4. Cell Phones and Plans: This is an easy one: Public Mobile! I think this is my favourite company of all time. Bringing your own phone and pre-paying for a plan is a no-brainer nowadays. Everytime you pay for a plan that costs $70 or higher, you’re just financing your new phone over the 2-year term. It’s a rip off! Go pre-paid with a $25/month plan, buy a phone case and watch your savings grow.
  5. Childcare: We are currently paying for childcare, around $900/month. This just began in October (2019) and if you were to recalculate my expenses including this I’m well above $17,000/year. The reason this expense isn’t included is because I aspire to be a stay-at-home Dad. The very nature of my goal will eliminate this expense so it doesn’t make sense to be included in the FIRE number. It is a short-term arrangement because I often work until 3am in the morning and any parent knows watching a 18-month old is exhausting work and I didn’t want to become sleep deprived trying to save money in this regard. My job as a truck driver hinges on my ability to complete the job safely, not just for myself or my company but for all the others I have to share the road with.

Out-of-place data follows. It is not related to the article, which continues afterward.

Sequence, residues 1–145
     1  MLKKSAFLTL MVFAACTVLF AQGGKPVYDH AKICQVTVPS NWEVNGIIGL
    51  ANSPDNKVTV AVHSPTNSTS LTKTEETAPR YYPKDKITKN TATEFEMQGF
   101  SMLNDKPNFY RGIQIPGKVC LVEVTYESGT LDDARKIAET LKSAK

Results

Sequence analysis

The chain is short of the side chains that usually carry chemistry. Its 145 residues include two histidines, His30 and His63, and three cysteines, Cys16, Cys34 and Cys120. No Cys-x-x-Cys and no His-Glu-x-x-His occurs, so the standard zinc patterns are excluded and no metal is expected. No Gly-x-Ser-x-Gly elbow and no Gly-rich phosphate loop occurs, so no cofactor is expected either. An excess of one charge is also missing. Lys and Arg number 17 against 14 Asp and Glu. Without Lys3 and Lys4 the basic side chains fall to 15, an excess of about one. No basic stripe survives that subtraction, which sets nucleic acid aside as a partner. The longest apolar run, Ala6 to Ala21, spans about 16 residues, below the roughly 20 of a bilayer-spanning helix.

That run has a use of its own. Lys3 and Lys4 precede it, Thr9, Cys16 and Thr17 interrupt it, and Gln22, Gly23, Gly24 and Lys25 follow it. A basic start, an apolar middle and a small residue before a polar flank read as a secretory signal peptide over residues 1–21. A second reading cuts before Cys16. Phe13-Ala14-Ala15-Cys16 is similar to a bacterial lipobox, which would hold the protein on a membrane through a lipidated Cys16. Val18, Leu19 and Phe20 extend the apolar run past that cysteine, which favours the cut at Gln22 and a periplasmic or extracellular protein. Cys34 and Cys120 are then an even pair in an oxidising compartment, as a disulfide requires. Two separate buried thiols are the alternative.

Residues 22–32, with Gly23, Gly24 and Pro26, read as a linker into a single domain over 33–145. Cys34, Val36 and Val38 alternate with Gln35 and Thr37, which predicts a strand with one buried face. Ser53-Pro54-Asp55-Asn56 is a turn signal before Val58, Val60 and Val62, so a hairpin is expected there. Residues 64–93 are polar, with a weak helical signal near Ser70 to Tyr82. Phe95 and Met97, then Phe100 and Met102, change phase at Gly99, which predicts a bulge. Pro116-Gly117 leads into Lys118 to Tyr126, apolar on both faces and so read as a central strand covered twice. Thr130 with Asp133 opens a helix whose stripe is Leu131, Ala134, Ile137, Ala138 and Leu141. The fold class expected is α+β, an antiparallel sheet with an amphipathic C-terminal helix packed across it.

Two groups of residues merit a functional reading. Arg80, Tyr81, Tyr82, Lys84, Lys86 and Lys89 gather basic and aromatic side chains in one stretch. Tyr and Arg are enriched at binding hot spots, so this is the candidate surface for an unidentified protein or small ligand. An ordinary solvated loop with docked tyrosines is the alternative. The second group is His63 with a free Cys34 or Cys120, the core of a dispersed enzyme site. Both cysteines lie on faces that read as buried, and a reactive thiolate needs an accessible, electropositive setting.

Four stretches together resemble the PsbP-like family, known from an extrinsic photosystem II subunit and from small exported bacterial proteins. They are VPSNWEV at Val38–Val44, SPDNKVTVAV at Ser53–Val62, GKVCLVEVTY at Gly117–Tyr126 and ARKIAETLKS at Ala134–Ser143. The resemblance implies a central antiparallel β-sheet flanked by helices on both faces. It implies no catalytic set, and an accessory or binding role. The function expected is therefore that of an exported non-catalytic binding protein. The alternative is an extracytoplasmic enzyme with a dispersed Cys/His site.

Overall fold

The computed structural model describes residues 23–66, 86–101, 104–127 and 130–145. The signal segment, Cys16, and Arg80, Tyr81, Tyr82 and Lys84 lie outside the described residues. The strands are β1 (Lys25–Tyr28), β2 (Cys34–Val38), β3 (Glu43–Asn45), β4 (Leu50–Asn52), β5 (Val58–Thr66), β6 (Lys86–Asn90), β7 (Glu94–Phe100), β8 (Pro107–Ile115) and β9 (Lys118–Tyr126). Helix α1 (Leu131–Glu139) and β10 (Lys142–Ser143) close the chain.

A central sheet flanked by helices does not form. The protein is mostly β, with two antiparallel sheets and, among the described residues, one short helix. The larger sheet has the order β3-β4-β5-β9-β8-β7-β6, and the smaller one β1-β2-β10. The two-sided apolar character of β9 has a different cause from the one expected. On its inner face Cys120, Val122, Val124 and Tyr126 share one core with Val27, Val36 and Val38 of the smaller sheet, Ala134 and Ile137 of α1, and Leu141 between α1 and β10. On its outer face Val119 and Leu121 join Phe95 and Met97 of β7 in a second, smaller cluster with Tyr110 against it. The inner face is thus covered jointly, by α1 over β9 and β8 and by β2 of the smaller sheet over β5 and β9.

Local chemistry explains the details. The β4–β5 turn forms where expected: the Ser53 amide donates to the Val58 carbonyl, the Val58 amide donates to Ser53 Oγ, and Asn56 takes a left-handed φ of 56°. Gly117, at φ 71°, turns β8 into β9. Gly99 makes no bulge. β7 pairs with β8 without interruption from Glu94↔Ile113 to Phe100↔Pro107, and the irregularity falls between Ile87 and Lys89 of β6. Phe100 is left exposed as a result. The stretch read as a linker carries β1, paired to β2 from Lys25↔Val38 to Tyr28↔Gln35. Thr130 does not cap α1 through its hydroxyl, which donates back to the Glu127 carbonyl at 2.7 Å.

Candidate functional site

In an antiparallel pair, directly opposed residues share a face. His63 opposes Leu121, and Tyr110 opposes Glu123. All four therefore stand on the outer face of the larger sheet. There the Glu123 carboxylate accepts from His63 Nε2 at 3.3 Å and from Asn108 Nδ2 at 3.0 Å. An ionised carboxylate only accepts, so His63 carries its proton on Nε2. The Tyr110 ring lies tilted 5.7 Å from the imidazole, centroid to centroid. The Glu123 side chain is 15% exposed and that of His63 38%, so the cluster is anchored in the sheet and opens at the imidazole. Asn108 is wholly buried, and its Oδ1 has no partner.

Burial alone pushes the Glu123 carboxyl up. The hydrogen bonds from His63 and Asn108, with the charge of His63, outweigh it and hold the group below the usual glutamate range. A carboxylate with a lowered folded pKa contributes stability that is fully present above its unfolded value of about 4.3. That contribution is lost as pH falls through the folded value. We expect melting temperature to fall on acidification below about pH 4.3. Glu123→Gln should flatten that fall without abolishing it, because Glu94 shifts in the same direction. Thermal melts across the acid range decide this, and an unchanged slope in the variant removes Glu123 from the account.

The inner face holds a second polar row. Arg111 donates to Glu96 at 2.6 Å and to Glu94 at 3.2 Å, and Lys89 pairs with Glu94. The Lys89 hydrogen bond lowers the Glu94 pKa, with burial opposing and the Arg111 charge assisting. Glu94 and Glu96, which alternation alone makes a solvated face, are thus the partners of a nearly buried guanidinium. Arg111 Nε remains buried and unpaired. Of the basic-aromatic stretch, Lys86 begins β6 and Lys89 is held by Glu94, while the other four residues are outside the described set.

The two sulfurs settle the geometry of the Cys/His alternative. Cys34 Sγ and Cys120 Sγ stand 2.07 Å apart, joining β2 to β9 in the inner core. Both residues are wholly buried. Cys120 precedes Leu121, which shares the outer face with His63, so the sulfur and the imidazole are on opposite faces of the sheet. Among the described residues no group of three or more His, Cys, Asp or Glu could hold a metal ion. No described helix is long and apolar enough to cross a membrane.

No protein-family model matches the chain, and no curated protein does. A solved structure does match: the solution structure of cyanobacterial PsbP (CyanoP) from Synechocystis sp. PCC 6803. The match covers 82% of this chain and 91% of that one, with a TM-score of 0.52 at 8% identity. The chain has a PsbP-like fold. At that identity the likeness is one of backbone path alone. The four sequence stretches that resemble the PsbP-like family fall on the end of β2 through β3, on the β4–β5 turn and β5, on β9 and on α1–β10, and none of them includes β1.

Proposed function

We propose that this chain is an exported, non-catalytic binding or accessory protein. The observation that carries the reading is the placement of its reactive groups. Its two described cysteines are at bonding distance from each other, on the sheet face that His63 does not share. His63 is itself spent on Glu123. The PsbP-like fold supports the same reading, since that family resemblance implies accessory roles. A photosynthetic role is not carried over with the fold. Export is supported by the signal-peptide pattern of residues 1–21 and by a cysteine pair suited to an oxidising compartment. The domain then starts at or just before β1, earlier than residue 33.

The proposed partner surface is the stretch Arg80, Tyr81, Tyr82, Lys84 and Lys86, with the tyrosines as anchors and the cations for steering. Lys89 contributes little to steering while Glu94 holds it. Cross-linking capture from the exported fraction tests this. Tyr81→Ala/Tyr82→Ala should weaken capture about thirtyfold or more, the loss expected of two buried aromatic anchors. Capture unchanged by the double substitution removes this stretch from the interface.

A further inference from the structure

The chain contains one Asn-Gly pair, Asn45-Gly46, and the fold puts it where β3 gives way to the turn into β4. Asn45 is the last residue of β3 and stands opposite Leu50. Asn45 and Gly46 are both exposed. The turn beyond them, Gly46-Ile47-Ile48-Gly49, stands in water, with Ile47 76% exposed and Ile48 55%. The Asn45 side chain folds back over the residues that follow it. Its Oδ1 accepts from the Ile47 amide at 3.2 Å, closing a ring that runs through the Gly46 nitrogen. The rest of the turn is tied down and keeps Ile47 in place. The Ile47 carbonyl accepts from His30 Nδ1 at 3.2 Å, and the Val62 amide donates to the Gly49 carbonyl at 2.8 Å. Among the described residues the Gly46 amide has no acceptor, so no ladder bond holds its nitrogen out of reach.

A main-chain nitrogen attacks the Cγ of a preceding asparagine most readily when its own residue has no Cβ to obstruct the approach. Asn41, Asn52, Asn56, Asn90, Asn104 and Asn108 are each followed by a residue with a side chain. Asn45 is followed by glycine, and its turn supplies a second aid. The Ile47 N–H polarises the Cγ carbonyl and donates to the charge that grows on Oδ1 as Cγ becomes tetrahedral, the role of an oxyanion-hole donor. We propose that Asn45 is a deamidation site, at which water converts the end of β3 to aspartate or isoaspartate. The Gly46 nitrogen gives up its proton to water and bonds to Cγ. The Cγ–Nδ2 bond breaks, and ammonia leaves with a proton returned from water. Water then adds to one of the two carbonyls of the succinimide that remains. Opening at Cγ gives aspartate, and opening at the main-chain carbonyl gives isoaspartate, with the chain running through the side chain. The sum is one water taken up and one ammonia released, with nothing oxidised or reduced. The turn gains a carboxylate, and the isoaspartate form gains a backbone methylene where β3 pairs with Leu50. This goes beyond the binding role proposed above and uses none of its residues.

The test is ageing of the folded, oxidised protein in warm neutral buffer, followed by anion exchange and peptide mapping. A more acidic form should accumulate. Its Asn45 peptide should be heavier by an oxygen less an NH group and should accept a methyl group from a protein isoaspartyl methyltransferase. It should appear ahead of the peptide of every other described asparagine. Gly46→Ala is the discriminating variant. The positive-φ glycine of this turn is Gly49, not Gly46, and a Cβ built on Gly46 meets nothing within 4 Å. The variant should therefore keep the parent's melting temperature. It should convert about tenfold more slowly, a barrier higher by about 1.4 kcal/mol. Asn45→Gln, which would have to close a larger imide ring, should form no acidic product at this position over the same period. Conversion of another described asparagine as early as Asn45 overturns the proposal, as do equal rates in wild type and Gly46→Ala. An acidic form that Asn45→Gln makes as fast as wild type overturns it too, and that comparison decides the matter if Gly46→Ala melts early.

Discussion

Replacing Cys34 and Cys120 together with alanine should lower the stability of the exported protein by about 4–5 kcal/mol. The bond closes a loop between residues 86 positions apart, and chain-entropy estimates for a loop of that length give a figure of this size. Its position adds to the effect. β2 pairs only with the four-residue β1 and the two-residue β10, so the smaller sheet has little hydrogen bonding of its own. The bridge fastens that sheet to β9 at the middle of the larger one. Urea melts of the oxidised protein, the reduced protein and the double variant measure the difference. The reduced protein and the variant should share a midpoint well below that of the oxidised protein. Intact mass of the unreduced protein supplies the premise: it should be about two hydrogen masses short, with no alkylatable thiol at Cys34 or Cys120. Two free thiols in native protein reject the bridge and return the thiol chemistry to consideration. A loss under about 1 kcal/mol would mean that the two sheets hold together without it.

6. Misc: My wife loves her long hair (it’s down to her waist) so she seldom gets it cut. She has watched a few YouTube videos and cuts my hair for me, which is a money saver sure but the amount of time I used to spend waiting for the barber and getting the actual haircut is something I can never go back to. The barber is a 2 hour ordeal in most cases from leaving the house to entering the house. What a time-waster. Even when I combine it with other outings it still takes about an hour and I just want to get home and shower afterwards (I can never shake that itchy feeling even after they wash and shampoo). My wife wasn’t perfect at first, it took a few tries but my hair always looks great and decent trimmer costs less than $40.